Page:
Finally, be sure to pick up your copy of Mountain, Move today. Part of the proceeds of each album sale (physical or digital) help the Pearl Alliance and their fight against human trafficking. You can get one at our Digital Store along with both of my books: Targeting: Improvisation With Purpose and Breaking the Monotony.

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Sequences

The Jazz community recently lost another great musician in pianist Mulgrew Miller. I have been a fan of his playing for years-especially his time with Woody Shaw. While thinking about his playing and some of his characteristics (and there are many) I loved the way he played sequences. In honoring Mr. Miller I thought this week’s post should be on using sequences in your improvisation.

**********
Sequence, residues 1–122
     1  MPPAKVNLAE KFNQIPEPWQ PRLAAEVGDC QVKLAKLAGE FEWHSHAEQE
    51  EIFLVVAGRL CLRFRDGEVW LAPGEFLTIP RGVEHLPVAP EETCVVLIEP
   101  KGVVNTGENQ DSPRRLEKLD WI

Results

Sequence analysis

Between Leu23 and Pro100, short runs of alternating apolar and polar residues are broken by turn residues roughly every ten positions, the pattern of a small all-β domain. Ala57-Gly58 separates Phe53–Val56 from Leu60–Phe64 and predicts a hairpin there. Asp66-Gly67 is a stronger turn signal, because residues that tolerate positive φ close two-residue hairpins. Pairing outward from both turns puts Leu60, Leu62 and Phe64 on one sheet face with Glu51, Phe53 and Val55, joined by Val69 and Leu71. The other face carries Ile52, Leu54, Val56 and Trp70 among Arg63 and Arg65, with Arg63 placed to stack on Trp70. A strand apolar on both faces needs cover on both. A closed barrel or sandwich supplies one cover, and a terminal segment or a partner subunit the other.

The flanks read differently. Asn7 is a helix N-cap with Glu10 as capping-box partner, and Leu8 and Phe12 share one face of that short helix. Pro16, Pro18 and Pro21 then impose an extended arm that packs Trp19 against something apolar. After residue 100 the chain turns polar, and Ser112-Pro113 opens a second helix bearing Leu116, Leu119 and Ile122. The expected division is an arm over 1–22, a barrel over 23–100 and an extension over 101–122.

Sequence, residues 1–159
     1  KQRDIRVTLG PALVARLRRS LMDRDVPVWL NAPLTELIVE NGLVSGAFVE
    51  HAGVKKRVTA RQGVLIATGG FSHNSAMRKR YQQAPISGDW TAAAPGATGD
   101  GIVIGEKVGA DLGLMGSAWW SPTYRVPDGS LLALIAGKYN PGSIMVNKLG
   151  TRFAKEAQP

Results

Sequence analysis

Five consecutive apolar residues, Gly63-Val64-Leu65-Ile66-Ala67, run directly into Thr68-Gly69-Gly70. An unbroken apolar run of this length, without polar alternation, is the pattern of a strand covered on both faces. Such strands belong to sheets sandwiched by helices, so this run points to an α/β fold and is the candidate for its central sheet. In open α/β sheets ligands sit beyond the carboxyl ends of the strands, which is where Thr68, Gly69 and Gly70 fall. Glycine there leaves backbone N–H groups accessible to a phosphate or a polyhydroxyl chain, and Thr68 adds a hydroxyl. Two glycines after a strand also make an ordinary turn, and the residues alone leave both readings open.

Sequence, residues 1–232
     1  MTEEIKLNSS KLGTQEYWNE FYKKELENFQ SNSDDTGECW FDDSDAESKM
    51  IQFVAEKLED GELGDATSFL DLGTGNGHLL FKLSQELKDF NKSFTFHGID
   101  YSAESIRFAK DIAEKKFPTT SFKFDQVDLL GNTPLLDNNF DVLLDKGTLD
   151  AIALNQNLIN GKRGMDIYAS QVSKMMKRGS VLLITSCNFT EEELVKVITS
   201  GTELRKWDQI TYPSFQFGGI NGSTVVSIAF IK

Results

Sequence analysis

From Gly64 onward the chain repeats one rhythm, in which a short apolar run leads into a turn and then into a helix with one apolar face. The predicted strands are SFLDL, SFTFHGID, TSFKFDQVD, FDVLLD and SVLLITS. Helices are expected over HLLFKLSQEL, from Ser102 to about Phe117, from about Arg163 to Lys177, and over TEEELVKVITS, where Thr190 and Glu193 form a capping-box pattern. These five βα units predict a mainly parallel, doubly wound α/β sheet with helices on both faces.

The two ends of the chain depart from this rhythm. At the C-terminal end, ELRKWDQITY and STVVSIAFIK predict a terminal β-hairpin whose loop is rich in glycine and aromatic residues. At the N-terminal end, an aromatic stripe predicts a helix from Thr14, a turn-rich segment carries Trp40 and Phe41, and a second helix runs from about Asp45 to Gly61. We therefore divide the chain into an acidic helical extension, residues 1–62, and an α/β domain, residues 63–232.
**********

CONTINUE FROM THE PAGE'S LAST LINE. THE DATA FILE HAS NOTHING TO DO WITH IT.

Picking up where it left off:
What are sequences? There are two types of sequences you will find in jazz: melodic and rhythmic.

  • A melodic sequence is the repetition of a line at a different pitch.
  • A rhythmic sequence is simply the repetition of a rhythmic line.

Both types of sequences are not hard and fast rules. A melodic sequence can be exact interval repeats (digital patterns) or different notes entirely. The general outline or shape of the line is what is repeated. It can have a different rhythmic pattern or the exact rhythm pattern repeated (but with the notes changing).

We are going to look at an example and how we can sequence a pattern. Below is our basic pattern that we are going to use throughout this post.